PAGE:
An article by Lauren Gardner in yesterday’s Inflectionist reflects on the difference between how we present ourselves in the semi-anonymous world of the internet and how we present ourselves offline. Gardner argues that humanity would be well-served if we were able to better integrate these two versions of self. We need to let our “online and offline personas merge,” she says.
The erasure of personal boundaries that the online world offers can be greatly beneficial in our offline interactions; it opens us up, encourages us to mingle with all walks of life, and proves to be a great learning experience. If we felt as comfortable being honest with people offline as we do online, we would see a great shift in our personal connections. Sometimes boundaries get in the way of truly understanding, appreciating and empathizing with someone.
By the same token, the formality that the offline world offers can be greatly beneficial to our online interactions. If we communicated in the online world half as gracefully as we do in the offline world, we would see how effective eloquent communication is in getting our points across.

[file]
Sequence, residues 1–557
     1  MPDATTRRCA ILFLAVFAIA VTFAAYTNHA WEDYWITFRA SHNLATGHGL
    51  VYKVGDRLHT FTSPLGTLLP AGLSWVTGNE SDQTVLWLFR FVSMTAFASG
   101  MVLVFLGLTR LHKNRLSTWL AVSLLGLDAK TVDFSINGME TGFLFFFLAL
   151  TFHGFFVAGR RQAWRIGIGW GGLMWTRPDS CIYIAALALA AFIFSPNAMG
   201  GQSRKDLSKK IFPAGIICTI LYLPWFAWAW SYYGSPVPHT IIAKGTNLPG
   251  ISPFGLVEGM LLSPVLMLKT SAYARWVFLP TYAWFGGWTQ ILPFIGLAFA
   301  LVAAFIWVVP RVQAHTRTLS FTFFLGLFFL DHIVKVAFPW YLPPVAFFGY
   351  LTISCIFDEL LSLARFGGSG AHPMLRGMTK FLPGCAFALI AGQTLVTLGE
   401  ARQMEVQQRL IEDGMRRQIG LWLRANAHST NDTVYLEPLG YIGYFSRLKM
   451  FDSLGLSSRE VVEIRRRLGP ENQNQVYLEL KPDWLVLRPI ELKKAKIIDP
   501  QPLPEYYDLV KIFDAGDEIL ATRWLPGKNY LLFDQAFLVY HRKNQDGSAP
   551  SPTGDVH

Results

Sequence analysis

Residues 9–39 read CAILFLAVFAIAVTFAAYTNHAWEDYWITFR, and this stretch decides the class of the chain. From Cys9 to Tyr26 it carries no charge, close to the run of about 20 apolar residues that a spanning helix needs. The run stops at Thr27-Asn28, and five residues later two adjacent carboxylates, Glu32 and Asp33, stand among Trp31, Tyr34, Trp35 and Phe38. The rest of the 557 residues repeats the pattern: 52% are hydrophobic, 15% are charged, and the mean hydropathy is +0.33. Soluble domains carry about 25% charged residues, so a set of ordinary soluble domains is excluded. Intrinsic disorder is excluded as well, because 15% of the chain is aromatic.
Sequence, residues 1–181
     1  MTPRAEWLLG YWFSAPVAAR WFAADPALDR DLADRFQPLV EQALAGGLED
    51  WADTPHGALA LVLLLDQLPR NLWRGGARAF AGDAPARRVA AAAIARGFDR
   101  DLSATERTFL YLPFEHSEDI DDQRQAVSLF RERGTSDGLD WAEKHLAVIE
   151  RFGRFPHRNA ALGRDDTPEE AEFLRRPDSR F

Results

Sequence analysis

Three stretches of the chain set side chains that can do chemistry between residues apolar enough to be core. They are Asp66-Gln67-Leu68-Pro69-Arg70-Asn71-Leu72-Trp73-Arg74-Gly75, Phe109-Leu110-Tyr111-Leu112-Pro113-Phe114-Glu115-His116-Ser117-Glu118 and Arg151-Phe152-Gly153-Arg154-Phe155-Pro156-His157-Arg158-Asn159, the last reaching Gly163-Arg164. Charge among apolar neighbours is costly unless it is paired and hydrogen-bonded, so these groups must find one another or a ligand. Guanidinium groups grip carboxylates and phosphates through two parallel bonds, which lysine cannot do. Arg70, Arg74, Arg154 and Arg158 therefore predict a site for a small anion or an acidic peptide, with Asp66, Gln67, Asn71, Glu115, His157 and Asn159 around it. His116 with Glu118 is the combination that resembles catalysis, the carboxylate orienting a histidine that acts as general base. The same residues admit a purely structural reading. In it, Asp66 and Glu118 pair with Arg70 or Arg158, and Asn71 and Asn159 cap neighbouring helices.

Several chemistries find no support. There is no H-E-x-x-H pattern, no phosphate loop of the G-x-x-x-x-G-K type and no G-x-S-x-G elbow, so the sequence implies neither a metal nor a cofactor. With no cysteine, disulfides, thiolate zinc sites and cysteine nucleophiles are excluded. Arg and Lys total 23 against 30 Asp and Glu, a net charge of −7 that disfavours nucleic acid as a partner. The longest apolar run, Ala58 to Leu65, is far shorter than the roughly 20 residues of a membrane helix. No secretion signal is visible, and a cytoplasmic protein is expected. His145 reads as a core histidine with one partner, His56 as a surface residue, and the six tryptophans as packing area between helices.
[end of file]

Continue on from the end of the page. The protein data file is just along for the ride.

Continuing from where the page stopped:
Before we can merge our online self with an offline self, though, we have a bit of merging to do to create a single offline persona. In the offline world your parent persona is much different than your hanging-out-with-friends persona. Your job interview persona is different from your evening-with-your-lover persona. Your interacting-with-a-shop-clerk persona is different from your coffee-hour-in-church persona.
Maybe there are times when it would make life better if we were as nurturing to our bosses as to our children, or as affectionate with our shop clerks as with our lovers or as formal with our families as with the high status we are work hard to impress. For the most part, presenting different personas for different people in different places is simply what we do.
Is one of these personas the real you? Are all of them aspects of you or are none of them really you?